Inside the 2018 Road to the Horse,
Showcasing Natural Horsemanship
In 2003, when Tootie Bland and her late husband, Steven, dreamed up Road to the Horse, they created an event that showcased the foundation of trust upon which all good horse-human partnerships are built. Their mission was about making the world a better place for the horse through natural horsemanship. That remains the priority of the event today, 15 years later.
What is Road to the Horse?
Road to the Horse ranks among the premier colt-starting events in the world. It’s unlike anything seen before: educational, entertaining and inspiring. World-class horses and world-class equine clinicians spend three days together on a journey toward trust in front of 10,000 equine-savvy spectators. The viewers come from various equine walks with backgrounds that range from dressage riders to race horse trainers to ranch hands. They travel from across the country annually to not only be entertained but with the goal of learning better ways to communicate with their own horses. As bonds begin to develop between the horses and their humans, the emotion is palpable from the grandstands within the Kentucky Horse Park’s Alltech Arena in Lexington. The crowd sees successes and setbacks as the riders progress through the event in an attempt to win the World Championship of Colt Starting. Although it is a competition between the clinicians, in the end everybody wins, especially the horses.
Every year, Bland evolves the format of the now renowned event. In 2012, each of the competitors came from several corners of the world and competed in two-person teams from Australia, the United States and Canada. In 2017, she hosted an all-ladies version of the competition. For 2018, the level of difficulty has been upped as each clinician must start two colts and prepare them for the final day when they must individually display aptitude in Rail Work and Overall Riding, in addition to the traditional Obstacle Course packed with challenges meant to test the horse’s degree of trust of the rider.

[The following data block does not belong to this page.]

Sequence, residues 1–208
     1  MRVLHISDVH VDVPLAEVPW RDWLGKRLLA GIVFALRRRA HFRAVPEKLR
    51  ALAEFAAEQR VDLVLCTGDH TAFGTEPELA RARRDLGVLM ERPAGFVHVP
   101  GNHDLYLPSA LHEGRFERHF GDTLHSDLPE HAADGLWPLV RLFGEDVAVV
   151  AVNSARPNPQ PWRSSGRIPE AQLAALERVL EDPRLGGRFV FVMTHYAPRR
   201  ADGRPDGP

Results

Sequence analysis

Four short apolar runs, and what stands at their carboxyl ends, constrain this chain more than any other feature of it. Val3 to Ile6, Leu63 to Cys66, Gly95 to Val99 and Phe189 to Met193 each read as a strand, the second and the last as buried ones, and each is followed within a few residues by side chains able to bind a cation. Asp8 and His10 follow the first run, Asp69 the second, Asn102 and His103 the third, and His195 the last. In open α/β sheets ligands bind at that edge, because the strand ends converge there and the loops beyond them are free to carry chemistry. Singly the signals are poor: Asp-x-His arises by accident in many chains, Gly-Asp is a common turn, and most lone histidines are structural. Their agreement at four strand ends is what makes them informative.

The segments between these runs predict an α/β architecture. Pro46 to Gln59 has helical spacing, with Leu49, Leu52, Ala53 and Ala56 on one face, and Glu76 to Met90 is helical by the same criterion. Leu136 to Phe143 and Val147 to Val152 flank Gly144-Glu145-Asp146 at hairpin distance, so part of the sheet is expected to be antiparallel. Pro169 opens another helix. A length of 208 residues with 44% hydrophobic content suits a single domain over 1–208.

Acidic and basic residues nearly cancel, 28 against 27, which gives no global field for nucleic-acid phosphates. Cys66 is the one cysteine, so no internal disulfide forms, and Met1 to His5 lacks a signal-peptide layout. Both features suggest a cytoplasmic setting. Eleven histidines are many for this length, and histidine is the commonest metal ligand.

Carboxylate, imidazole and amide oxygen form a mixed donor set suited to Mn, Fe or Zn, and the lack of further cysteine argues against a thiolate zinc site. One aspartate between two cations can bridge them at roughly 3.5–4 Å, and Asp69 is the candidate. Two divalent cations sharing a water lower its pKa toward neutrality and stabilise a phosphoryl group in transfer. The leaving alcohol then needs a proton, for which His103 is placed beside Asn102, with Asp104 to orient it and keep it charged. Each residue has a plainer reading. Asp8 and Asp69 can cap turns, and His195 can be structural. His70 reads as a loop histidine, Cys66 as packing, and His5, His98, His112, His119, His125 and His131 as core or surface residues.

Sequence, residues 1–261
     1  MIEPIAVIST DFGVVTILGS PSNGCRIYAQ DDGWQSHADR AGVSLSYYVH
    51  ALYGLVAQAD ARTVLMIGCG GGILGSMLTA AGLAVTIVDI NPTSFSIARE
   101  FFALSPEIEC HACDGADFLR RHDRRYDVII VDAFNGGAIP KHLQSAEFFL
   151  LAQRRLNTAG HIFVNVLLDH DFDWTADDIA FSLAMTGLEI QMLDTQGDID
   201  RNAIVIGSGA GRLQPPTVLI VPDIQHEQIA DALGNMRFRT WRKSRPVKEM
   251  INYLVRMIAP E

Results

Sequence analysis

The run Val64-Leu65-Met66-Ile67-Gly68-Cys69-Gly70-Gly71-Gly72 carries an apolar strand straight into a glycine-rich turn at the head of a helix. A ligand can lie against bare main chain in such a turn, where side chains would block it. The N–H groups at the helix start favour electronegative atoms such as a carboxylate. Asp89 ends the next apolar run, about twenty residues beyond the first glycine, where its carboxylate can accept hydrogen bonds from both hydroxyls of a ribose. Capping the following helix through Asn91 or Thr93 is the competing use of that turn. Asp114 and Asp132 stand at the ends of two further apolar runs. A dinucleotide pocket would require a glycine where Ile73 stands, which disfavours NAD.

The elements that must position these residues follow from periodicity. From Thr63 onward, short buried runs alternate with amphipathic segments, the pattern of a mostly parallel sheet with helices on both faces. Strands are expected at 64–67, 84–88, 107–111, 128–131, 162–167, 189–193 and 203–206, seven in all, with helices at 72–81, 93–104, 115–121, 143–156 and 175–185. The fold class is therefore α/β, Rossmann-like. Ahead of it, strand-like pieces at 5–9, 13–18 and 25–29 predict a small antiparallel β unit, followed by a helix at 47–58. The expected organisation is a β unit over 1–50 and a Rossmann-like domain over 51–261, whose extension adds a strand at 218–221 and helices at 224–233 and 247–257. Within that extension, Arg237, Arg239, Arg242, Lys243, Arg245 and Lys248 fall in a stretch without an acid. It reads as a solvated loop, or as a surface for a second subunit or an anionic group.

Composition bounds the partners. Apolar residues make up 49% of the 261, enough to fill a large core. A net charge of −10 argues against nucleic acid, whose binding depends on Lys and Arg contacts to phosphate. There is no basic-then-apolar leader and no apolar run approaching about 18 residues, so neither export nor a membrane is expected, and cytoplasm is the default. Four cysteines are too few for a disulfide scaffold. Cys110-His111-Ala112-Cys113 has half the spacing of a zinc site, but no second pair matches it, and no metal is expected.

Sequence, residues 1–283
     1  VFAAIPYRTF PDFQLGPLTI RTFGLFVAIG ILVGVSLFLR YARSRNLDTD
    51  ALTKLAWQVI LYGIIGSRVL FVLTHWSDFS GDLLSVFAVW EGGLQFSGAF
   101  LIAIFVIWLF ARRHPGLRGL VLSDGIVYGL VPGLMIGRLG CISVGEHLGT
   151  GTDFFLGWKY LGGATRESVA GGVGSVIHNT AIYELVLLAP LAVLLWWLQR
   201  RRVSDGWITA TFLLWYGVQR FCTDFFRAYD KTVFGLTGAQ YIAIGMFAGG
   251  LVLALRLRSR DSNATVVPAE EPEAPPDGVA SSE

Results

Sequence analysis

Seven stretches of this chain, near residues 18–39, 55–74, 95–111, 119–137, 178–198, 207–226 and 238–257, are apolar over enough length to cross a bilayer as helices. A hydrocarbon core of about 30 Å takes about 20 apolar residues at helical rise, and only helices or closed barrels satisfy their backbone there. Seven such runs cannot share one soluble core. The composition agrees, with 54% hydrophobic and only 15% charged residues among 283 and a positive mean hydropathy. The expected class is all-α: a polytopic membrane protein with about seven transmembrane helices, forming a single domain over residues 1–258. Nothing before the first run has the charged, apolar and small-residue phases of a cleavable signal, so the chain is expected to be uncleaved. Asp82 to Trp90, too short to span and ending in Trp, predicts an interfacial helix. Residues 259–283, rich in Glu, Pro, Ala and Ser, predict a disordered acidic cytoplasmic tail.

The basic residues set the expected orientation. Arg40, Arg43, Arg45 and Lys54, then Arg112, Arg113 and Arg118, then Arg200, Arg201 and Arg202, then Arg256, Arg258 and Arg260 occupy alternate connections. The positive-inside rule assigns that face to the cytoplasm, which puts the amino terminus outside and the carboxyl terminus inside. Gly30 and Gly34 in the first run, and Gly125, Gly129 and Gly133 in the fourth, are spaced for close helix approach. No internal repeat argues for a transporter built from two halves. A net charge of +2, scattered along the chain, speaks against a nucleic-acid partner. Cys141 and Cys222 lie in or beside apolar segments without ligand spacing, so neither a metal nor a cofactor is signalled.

On the first day of competition, clinicians select their colt(s) from the remuda brought by the Four Sixes Ranch (6666 Ranch). After selection, each rider is assigned a round pen to work in for an allotted amount of time with each gelding. Each clinician is allowed a two-hour session with their colt, including a mandatory 15-minute rest period for the horse on each day of the competition.
The two-hour round pen sessions on the first and second days of the event are the only interaction the clinician is allowed with the horse before the obstacle course and freestyle display on the final day of the competition. In fact, other than for routine veterinary care, the colts have not been handled since they were halter broke as weanlings. They come to the Road to the Horse for selection after spending months roaming the ranch with the herd. It is astounding to see the progress and level of horsemanship reached over such a short period of time. Each rider comes from a different equestrian background and utilizes their own methods to build trust with the animals.
The Four Sixes Ranch provides the band of geldings that are presented at Road to the Horse on the first day of the event. The clinicians spend time patiently analyzing the prospects and their tendencies before carefully selecting the colt(s) they will develop and eventually compete with.